Should baseball protect fans with nets?
Here's an awful story and, when you think about it, it's a wonder it doesn't happen more often. A 3-year-old girl was hit by a line drive during Los Angeles Dodgers batting practice Tuesday night. She was knocked unconscious and suffered a fractured skull which will require surgery. A Dodgers' spokesperson said the girl's injuries are not life-threatening, but it isn't known if she will have any long-term effects from the injury. The ball was hit by Dodgers catcher Russell Martin, who was so upset that he has offered to pay for the girl's medical expenses.
Martin told MLB.com, "As soon as it hit, I heard the sound. I knew it wasn't a good sound and then I saw him grab her. It didn't look like she was moving so that was scary. ... I mean, I've hit somebody before but not where they had to be rushed to the hospital.''
With as hard as major-league players hit foul-ball liners these days (plus, the diminishing foul territory space in the new ballparks), you wonder if MLB would ever consider doing what the NHL did by putting a net up in front of the fans most susceptible to being hit, in addition, that is, to the net behind home plate. Such a measure is doubtful, but it should be noted that the complaints over decreased vision when the NHL put nets behind the goals have mostly disappeared.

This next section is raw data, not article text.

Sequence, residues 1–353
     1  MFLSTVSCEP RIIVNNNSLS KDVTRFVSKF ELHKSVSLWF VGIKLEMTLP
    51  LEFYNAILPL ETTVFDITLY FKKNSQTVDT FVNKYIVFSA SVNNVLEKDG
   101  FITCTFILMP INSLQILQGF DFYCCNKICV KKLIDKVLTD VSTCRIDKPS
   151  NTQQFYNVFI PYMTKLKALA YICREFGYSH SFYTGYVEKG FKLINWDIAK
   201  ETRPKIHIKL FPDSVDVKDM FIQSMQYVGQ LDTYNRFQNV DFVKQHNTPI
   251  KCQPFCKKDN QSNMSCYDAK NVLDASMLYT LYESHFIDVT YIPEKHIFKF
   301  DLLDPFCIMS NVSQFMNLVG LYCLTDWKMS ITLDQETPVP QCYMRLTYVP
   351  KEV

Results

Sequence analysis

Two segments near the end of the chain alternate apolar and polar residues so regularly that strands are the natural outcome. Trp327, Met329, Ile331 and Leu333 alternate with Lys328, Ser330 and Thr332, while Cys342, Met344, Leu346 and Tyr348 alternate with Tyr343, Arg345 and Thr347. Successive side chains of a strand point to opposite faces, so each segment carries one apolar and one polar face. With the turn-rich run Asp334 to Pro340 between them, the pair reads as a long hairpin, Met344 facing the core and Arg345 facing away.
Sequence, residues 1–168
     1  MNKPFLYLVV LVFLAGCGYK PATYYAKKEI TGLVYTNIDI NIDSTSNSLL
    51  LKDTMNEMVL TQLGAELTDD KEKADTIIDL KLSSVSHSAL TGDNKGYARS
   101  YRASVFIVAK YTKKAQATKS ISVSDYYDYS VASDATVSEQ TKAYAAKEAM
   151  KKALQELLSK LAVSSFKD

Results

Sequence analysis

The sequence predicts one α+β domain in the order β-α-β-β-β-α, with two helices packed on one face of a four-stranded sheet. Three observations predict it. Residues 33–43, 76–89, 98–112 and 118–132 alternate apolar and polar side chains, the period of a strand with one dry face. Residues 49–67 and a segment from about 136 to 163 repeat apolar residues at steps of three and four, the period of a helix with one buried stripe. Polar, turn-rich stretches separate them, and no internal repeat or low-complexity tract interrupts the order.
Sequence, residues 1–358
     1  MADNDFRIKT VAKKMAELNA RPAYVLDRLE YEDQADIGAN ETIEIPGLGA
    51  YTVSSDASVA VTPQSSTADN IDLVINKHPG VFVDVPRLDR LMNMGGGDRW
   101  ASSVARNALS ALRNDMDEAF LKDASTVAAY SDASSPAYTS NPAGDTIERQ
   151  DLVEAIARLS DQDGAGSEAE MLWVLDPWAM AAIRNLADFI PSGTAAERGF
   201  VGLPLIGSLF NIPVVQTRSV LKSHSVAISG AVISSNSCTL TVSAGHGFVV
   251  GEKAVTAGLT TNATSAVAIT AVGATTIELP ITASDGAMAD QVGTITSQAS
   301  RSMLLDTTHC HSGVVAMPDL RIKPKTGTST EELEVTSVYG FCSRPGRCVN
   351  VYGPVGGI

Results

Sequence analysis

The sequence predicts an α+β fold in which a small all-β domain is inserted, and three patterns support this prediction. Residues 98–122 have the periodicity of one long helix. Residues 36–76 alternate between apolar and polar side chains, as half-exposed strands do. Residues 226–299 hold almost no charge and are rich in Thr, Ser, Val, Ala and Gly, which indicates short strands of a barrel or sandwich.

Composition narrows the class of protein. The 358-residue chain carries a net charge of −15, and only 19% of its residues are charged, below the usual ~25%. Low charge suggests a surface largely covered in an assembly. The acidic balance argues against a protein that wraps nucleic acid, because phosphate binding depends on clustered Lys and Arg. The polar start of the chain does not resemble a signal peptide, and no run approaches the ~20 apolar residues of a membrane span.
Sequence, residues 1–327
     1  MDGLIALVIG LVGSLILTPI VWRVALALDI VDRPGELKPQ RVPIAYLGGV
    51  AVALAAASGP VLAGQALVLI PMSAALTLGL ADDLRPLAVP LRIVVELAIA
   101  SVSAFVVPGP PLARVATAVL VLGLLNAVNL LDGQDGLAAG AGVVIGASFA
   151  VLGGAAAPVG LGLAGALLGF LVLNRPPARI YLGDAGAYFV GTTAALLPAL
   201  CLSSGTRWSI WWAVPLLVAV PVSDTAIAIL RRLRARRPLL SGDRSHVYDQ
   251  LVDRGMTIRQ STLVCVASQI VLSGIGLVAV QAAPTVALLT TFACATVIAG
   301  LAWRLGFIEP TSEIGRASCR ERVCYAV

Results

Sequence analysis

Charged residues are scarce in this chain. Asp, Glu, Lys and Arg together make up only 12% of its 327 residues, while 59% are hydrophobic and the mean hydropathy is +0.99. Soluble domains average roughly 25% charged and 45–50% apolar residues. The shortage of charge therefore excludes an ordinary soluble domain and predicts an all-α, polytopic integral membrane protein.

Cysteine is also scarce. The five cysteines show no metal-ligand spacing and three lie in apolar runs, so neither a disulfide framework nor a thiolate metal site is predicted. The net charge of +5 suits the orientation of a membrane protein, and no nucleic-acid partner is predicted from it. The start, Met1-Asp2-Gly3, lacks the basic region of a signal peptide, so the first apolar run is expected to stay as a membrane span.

Meantime, a young boy sitting in centerfield of Sunday's Cardinals-Reds game was hit in the chest with an Albert Pujols' home run. The kid turned out to be fine, and got a signed Pujols bat for his effort.
Pujols told reporters. "I was watching my video, and I saw him crying. I felt that that's not the way you want a kid to remember, getting hit by the ball. So I tried to send a bat over. It wasn't to try to get attention or anything. ... I think if it would have hit an adult, it wouldn't have hurt as much, but when you hurt a little boy like that, that's an experience you don't want that kid to have.''